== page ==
September 20, 2018
IRU Contribution to Higher Education and Research in Regional Australia
As announced in the 2018 Budget, the Government will provide additional funding for building the capability of Australia’s rural medical practitioner workforce (including the new Murray-Darling Medical Schools Network), expand the Rural Health Multidisciplinary Training Program, and provide additional CSPs for sub-bachelor or enabling courses, bachelor degree courses through regional study hubs and improved regional students’ access to Youth Allowance. Additionally, the priorities of the Medical Research Future Fund (MRFF) include regional health and research translation. It is therefore useful to know which universities operate from the regions and their relative contributions.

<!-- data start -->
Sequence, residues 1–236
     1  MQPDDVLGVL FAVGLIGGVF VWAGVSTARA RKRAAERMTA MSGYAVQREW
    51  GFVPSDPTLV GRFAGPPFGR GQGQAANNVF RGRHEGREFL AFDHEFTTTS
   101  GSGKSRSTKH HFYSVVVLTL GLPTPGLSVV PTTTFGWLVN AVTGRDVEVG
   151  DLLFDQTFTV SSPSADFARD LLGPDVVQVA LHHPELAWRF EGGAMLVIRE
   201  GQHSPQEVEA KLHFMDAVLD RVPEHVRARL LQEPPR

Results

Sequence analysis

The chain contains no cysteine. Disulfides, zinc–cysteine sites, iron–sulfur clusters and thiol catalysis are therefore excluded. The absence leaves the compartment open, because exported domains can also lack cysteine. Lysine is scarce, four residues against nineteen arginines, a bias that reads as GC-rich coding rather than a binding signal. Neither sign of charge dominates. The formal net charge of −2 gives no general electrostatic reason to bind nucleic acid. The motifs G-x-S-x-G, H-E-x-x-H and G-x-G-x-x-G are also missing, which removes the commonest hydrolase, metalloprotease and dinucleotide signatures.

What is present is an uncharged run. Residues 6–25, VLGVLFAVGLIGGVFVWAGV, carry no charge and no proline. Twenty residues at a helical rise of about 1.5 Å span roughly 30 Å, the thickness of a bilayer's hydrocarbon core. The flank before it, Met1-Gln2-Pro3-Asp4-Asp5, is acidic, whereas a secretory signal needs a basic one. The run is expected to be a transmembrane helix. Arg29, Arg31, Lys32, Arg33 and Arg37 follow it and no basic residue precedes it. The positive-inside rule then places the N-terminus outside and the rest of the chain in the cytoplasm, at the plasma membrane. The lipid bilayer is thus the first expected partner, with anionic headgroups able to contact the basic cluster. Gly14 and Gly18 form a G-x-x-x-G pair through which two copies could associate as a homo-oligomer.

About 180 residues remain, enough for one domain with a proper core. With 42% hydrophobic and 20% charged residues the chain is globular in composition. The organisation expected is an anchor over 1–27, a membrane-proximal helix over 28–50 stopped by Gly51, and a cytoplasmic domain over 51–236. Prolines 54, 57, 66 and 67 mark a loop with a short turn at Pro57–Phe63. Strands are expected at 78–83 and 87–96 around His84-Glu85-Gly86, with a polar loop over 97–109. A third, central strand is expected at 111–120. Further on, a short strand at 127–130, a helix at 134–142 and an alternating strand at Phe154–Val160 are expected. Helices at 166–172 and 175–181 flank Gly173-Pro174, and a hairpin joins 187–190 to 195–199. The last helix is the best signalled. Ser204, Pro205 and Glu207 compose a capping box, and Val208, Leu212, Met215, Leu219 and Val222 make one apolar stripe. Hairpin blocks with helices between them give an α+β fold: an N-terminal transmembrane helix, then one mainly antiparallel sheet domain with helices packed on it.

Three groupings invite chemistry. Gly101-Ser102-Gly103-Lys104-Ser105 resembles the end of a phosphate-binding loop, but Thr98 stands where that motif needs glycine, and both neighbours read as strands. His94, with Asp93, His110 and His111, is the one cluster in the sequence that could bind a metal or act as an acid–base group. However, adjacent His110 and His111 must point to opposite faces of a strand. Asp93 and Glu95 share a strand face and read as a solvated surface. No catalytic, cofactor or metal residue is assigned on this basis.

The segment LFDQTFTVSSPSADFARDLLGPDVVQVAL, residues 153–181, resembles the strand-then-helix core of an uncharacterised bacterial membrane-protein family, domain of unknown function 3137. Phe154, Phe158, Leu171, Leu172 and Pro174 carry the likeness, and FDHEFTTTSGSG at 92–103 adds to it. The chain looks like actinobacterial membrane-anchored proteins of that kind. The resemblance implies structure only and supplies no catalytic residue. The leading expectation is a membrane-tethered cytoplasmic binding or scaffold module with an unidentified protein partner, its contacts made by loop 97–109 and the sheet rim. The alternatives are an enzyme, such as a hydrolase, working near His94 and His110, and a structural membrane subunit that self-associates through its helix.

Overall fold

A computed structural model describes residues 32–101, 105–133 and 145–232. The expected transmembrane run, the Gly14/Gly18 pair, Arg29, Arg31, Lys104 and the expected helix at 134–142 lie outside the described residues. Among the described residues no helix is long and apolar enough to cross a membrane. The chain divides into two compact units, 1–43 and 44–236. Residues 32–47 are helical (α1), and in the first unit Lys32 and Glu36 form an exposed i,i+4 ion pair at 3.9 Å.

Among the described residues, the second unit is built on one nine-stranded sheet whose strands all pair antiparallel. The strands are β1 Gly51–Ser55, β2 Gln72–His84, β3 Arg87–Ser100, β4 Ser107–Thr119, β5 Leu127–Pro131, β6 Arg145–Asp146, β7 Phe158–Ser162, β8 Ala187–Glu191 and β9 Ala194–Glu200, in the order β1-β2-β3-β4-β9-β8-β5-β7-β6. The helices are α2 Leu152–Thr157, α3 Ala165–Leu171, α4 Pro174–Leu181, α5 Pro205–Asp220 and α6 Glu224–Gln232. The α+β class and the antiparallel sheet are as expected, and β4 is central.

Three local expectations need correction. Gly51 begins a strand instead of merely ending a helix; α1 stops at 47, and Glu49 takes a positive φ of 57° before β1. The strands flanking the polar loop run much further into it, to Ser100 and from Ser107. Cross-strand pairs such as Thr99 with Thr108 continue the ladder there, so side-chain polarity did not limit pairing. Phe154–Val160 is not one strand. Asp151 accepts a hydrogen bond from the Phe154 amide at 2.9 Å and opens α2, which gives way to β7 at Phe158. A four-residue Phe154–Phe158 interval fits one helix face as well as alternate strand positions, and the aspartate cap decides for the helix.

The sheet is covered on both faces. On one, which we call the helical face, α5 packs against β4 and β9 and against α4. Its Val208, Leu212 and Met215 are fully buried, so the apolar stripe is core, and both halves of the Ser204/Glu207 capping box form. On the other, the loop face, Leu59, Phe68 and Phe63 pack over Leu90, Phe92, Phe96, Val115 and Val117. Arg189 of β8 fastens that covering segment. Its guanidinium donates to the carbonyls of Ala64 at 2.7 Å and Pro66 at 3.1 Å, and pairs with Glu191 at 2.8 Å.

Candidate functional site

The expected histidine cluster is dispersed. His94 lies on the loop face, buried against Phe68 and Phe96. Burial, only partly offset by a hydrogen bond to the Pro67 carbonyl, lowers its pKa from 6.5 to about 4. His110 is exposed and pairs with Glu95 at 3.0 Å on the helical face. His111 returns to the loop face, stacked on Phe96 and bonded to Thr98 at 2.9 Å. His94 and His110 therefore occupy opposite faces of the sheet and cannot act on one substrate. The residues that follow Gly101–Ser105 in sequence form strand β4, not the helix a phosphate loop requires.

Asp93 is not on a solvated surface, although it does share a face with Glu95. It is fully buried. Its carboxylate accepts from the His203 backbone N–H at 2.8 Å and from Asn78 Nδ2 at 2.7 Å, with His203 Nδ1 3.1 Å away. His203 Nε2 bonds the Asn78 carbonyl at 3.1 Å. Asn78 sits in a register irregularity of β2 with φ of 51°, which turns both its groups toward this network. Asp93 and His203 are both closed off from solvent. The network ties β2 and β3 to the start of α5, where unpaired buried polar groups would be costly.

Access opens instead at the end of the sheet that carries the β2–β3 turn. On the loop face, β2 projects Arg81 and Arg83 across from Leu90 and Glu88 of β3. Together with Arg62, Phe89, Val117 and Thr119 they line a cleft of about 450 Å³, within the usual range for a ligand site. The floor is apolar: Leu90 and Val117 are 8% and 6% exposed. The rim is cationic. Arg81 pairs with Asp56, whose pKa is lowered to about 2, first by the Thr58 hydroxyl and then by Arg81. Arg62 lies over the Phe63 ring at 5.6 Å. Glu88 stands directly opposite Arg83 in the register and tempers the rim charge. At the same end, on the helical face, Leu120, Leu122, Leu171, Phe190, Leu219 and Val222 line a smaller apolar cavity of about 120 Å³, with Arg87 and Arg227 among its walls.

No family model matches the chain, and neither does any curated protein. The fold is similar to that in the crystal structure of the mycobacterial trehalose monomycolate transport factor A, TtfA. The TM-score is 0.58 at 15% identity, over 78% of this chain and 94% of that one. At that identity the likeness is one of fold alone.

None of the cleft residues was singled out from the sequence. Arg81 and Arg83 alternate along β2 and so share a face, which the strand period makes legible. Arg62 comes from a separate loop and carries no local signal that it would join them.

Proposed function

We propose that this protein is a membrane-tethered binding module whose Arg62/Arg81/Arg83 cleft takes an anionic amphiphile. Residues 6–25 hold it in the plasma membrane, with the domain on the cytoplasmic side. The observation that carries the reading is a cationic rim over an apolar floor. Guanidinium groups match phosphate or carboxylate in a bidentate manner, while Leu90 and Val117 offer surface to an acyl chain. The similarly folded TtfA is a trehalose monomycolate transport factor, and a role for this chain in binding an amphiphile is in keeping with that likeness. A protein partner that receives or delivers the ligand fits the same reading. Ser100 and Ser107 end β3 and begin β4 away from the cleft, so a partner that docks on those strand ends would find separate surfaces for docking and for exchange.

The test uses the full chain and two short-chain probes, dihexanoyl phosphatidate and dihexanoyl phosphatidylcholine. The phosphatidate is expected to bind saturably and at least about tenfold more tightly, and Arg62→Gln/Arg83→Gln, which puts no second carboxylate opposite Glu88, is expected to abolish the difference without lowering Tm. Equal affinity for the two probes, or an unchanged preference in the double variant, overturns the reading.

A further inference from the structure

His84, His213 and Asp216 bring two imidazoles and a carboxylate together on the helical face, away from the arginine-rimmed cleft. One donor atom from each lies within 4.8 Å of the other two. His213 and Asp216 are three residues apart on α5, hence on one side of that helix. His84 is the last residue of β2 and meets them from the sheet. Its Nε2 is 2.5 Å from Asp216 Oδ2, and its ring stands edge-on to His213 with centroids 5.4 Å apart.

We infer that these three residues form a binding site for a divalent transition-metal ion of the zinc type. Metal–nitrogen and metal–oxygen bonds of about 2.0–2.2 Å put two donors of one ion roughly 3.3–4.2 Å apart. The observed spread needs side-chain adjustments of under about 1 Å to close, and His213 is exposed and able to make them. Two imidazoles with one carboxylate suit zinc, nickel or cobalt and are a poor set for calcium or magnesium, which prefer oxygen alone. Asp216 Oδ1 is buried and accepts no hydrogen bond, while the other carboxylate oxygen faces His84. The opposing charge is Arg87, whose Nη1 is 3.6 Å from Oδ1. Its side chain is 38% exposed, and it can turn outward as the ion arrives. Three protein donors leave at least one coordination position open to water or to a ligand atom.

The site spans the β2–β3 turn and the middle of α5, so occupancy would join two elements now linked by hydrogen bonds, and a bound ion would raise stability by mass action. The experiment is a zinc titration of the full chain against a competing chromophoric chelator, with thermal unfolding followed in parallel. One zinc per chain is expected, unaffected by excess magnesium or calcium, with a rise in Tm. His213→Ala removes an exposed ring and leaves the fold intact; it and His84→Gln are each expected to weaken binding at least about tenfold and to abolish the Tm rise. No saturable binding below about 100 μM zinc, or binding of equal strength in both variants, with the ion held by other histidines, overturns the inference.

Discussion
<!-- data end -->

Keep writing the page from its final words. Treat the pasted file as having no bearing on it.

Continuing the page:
IRU members are major players for regional students and regional areas:
- we teach 19% of the nation’s regional and 29% of the nation’s remote students
- we teach 17% of the nation’s students taught from regional based campuses
- students taught from regional based campuses increased by 33,000 over the 2011-2016 period, including an increase of 6,400 at IRU members
- two of our members earn 20% of the research income generated by the 13 universities based primarily in regional areas.
Within the health sciences, the IRU’s regional presence is stronger:
- we teach 26% of the nation’s health students taught from regional based campuses
- students taught from regional based campuses increased by 20,400 over the 2011-2016 period, including an increase of 5,000 at IRU members
- we teach roughly similar proportions of the nation’s health students in regional based campuses at the doctoral-level (26%), postgraduate coursework (31%) and bachelor-level (25%).
This IRU briefing paper sets out the three measures with supporting data.
Download the briefing paper